Assiran: Recent capital markets challenges have caused many banks to stop lending, but not CFG. Rather, this has created an advantageous environment, allowing us to focus on Class A and B deals with strong in-place cash flows. In some cases, lower leverage is needed to ensure projects can support debt. We are also requiring borrowers to use derivatives to mitigate interest-rate risk. 

Coiley: This has two pieces to it. In one instance, the transactions may not really pencil out. Quite a few properties have reached — or are near — stabilized occupancy, but don’t have the cash flows to support the debt levels, so they’ll need some rent or care increases to drive revenues and margins, but those are tough to finance today. 

The other impact of higher interest rates is the inevitable increase in cap rates combined with a small sample set of true M&A. That has left a bit of a void in determining true value on these assets. So, we are trying to navigate through and are engaging on those transactions where it makes sense. We are still also requiring a substantial amount of the loan be hedged in some fashion.

Kennedy: We’ve utilized some rate caps on our variable-rate bridge loans, but permanent fixed rates have remained relatively low from a historical perspective. The flattening of the yield curve has compelled our clients to seek permanent HUD or GSE financing as soon as the project shows trailing NOI that supports the necessary value for a bridge-loan takeout.

Gehl: There are a few adjustments that impact our business with the rising of rates. On the HUD side, the (a)(7) loan modification business effectively shut down with upward movement in rates. Those programs exist for borrowers to refinance their existing HUD loans with a lower rate, which the run-up in rates completely eliminated. 

We have seen borrowers on the HUD side ask for more flexible prepayment penalties — essentially paying more in rate now — with the idea being that once rates do come down, they can refinance into an (a)(7) or loan modification. We have also seen more clients look into HUD’s Green MIP program in order to bring down their upfront cost of financing.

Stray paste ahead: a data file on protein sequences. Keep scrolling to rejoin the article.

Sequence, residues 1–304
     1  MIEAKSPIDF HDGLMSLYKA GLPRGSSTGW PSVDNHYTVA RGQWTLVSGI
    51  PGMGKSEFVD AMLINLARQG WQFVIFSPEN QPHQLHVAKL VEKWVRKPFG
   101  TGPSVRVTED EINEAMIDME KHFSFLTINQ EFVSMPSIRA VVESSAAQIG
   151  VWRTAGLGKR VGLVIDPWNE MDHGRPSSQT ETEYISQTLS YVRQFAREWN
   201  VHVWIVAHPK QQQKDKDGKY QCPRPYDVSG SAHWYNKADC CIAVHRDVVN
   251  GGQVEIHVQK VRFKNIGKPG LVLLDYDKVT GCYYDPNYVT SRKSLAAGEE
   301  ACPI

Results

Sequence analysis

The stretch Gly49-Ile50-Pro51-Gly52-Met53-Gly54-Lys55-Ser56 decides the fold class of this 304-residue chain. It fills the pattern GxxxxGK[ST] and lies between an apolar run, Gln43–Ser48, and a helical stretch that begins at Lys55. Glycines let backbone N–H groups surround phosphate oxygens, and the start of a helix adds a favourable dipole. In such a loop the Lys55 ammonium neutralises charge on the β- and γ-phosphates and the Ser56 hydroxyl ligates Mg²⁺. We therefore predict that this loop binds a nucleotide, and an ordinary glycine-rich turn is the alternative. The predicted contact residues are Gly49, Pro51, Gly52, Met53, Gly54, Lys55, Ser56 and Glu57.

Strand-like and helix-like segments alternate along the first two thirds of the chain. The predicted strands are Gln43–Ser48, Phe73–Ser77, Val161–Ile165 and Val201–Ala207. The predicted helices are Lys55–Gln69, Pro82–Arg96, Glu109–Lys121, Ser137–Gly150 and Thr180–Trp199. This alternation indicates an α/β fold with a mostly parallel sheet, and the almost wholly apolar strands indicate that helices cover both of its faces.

Lewittes: We are a floating-rate lender, so the significant increase in indexes has been meaningful. Our spreads have widened as well, but we make a concerted effort to recognize the prohibitive nature of the increased cost of debt.

Further, while we still require some form of interest-rate management, we have been creatively working with our borrowers to structure efficient and economical solutions that fit the needs of both borrower and lender.

Freitas: We have always thought of ourselves first and foremost as owners and operators of real estate — it’s in our firm’s DNA. Our principals remember the days of more elevated interest rates and have ingrained in our underwriting a neutral and unbiased perspective toward interest rates. 

We anticipated that interest rates would continue to increase and had our sensitivity tests reflect that. In other words, we have not had to adjust as we were always open and ready for this possibility.

SHB: How have your underwriting standards shifted to the turbulent economic environment?

Assiran: Our underwriting standards have not changed. We have seen our deal flow increase due to the lack of lending by many banks in response to the conditions of the capital markets.